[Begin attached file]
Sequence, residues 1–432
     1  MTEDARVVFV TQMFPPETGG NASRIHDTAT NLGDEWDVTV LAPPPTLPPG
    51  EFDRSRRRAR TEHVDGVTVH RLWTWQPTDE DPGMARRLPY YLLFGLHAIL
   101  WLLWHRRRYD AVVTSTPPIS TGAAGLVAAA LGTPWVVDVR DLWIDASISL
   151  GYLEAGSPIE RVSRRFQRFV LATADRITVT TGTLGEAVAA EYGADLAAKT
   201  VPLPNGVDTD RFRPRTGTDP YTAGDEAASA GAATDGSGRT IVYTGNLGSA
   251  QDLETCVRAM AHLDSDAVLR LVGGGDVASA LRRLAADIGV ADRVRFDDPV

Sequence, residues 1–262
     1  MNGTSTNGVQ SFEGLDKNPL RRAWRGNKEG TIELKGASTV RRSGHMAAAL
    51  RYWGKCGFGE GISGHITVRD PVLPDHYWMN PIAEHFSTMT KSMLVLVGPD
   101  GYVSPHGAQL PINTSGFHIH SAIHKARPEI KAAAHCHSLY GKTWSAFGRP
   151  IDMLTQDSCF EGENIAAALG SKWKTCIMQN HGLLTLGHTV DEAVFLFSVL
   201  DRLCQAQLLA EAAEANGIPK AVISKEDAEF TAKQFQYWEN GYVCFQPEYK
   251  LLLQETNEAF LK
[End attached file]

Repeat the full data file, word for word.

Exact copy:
Sequence, residues 1–432
     1  MTEDARVVFV TQMFPPETGG NASRIHDTAT NLGDEWDVTV LAPPPTLPPG
    51  EFDRSRRRAR TEHVDGVTVH RLWTWQPTDE DPGMARRLPY YLLFGLHAIL
   101  WLLWHRRRYD AVVTSTPPIS TGAAGLVAAA LGTPWVVDVR DLWIDASISL
   151  GYLEAGSPIE RVSRRFQRFV LATADRITVT TGTLGEAVAA EYGADLAAKT
   201  VPLPNGVDTD RFRPRTGTDP YTAGDEAASA GAATDGSGRT IVYTGNLGSA
   251  QDLETCVRAM AHLDSDAVLR LVGGGDVASA LRRLAADIGV ADRVRFDDPV

Sequence, residues 1–262
     1  MNGTSTNGVQ SFEGLDKNPL RRAWRGNKEG TIELKGASTV RRSGHMAAAL
    51  RYWGKCGFGE GISGHITVRD PVLPDHYWMN PIAEHFSTMT KSMLVLVGPD
   101  GYVSPHGAQL PINTSGFHIH SAIHKARPEI KAAAHCHSLY GKTWSAFGRP
   151  IDMLTQDSCF EGENIAAALG SKWKTCIMQN HGLLTLGHTV DEAVFLFSVL
   201  DRLCQAQLLA EAAEANGIPK AVISKEDAEF TAKQFQYWEN GYVCFQPEYK
   251  LLLQETNEAF LK